My lower back pain flared up again in early June. I lived with it through July and August. I asked for help in September. The good news is that this time the pain does not appear to be directly cancer-related. The diagnosis was "spondylosis," a.k.a. osteoarthritis, i.e. "He's old and his back hurts." The doctor agreed to re-start my meloxicam prescription, and it has worked well for me so far. Walking is no longer slow, painful, wobbly, and uncertain. Putting on socks is no longer slow agony. I have been able to try to exercise more. I just hope my kidneys continue to tolerate the medication.
I still get periodic blood tests, CT scans, and bone scans. The good news is that the chemotherapy and the androgen deprivation therapy (ADT) have worked very well, much better than I expected, and my cancer is currently well suppressed. The bad news is that the ongoing ADT treatments have a wide variety of unpleasant side effects.
Last year I posted, "Loss of muscle, lack of strength, lack of stamina, and an increase in overall fatigue have all become very noticeable...." Those side effects are all still problems for me, and I am coping with them, but not as well as before. I have had a lot more muscle atrophy, and the lack of strength and stamina is profound. It has severely limited my ability to maintain an exercise routine, but I keep trying.
Two other ADT side effects are causing me difficulty, particularly with work -- I am emotionally much more volatile (quicker to tears, quicker to anger, quicker to take offense when none was intended, recurring depression) and some mental deficits have become apparent (loss of vocabulary, loss of attention span, difficulty maintaining concentration, difficulty with memory, difficulty with planning, difficulty learning new things). Both are getting harder and harder to hide, but I haven't been fired. Yet.
I have lost my skill at mental arithmetic, in which I once took such pride. The space where I visualized calculations and formulae and short-term tables is completely gone. Now I need a calculator (or pencil and paper) to do even the simplest operations.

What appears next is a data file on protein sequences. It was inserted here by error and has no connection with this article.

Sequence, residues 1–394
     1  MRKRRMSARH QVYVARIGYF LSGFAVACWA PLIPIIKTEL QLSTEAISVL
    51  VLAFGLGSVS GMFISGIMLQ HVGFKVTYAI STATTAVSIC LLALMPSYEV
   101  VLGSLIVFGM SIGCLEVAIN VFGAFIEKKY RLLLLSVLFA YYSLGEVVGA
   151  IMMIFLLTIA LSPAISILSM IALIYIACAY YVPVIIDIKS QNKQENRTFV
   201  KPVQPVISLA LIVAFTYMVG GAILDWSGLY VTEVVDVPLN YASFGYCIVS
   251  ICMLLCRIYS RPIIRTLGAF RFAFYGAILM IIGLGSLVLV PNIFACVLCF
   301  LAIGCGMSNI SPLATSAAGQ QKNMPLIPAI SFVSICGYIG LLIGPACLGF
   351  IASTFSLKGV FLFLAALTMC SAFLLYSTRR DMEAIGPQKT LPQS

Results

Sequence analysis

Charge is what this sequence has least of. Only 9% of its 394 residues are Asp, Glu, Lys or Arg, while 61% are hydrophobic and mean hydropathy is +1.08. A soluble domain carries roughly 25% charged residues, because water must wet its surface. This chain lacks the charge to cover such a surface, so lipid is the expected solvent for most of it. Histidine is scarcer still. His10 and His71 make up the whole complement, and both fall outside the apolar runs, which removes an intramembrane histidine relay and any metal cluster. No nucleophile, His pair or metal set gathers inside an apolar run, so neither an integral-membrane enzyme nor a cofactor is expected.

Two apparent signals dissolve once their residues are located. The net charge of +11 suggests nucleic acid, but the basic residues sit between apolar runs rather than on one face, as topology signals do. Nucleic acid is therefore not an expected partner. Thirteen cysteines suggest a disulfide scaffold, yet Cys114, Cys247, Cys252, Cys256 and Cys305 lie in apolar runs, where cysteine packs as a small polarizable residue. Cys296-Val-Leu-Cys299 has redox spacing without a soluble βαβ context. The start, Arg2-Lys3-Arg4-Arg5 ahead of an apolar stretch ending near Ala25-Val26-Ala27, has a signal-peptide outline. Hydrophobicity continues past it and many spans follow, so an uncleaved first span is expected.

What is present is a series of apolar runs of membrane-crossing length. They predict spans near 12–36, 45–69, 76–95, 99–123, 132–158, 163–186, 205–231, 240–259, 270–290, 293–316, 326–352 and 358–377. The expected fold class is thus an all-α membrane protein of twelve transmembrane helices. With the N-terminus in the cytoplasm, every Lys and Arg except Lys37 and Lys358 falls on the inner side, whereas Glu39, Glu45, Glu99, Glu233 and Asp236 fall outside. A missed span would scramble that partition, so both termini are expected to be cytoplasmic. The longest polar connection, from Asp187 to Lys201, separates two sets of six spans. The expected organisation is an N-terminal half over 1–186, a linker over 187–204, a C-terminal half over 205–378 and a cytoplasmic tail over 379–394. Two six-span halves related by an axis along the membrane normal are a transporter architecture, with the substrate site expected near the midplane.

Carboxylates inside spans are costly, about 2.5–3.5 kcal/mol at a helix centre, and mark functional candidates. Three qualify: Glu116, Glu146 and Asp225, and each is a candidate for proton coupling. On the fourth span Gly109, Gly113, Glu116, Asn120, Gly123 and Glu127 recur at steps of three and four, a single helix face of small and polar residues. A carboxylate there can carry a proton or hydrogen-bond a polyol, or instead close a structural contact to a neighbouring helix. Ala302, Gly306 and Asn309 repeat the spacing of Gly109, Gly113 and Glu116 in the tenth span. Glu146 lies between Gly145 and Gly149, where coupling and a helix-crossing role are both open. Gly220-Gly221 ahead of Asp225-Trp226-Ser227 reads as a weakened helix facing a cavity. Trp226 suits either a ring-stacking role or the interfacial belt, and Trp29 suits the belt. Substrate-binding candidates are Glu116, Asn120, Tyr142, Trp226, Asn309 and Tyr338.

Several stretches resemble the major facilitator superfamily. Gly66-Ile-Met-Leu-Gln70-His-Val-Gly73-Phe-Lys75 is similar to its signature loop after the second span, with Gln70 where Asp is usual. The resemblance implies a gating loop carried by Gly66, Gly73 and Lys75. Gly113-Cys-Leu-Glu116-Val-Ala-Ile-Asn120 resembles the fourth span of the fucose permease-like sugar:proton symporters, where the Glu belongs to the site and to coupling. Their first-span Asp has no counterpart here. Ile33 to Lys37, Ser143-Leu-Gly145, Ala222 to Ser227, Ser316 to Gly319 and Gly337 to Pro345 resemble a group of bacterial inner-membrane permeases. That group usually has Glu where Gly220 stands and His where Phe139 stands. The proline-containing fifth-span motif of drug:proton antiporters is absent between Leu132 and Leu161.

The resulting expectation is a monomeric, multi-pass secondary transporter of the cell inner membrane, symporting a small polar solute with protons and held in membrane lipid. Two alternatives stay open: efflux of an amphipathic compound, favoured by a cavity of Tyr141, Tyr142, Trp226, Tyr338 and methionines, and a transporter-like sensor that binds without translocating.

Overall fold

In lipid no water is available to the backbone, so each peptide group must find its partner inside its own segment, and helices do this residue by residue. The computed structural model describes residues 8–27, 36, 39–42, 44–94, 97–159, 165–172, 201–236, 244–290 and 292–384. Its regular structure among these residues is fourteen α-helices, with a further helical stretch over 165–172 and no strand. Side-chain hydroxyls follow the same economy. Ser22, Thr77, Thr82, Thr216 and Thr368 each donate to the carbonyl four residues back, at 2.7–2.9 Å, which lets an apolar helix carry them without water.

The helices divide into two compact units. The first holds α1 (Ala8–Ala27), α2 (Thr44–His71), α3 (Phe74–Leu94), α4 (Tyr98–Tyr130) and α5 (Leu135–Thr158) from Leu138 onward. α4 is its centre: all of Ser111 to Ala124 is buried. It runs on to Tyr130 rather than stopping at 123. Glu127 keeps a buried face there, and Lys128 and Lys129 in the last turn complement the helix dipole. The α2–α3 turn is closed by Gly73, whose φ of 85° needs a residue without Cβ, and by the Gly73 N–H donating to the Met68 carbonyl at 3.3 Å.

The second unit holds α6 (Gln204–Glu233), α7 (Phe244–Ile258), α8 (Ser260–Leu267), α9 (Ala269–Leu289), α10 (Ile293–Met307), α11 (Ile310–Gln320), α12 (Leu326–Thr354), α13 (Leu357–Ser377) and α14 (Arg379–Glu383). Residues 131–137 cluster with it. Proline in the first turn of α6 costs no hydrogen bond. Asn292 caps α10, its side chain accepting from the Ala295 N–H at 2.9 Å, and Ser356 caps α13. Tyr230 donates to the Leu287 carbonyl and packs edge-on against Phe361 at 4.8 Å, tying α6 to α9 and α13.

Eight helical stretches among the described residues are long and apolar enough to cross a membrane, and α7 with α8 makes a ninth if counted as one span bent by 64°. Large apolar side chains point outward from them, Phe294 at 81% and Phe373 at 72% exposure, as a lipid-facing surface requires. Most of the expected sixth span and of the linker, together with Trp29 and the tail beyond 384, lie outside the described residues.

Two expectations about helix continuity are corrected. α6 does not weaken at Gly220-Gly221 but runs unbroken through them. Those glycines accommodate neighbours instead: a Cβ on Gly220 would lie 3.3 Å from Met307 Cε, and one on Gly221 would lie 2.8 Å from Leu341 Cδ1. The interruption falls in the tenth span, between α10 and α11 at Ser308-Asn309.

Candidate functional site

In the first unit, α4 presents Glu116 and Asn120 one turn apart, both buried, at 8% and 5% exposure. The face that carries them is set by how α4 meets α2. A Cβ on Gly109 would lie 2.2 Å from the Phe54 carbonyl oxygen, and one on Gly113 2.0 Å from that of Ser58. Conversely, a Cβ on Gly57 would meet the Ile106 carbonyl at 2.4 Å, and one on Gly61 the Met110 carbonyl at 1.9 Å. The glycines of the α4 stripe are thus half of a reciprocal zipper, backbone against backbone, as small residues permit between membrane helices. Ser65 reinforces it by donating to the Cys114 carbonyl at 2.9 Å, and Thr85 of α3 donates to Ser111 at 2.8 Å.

I am now officially diabetic. I knew I was at increased risk due to the ADT, but it seems my efforts at diet and exercise have been inadequate. One more problem to be depressed about.
The depression comes and goes. It became a lot easier to fight back the brain weasels once I stopped hurting so much.
Getting old is no fun, but I suppose it is still better than the alternative.
In June of 2019 I did not really expect to live to see 2022; now that it looks like I will, I suppose it is time to set my sights on 2023.
Oh dcp, surviving 2021 clearly was a major accomplishment. I'm sorry it has been so much and sincerely hope 2022 is much easier. I really understand how frustrated and upset you must be with the mood and mental changes. It is a much more common issue with many illnesses and treatments than is often discussed. I do enjoy seeing your photography and hope that you are feeling enough energy to do more of it next year.
dcp, thank you for sharing so much of all you are going through with us. I wish you good health and every good thing.
Cancer is bad. Do not recommend.
Ain't that the truth. Thank you for your card! It was lovely grace note.
Oh DCP, that's four or five years crammed into one.
Here's to your 2022 being simple and kind.
dcp, that is so much to deal with. It is good to hear that keeping it beaten down is working.
In card news, thanks, Laura for the seeds of love, and sj... could your girl be more awesome? Evidence suggests not! Love having you all on my mantle!
We're glad you're here, dcp.
Ooof, dcp, that’s a lot!! Glad you’re still here and kicking.
My wish is that we all have a boring 2022.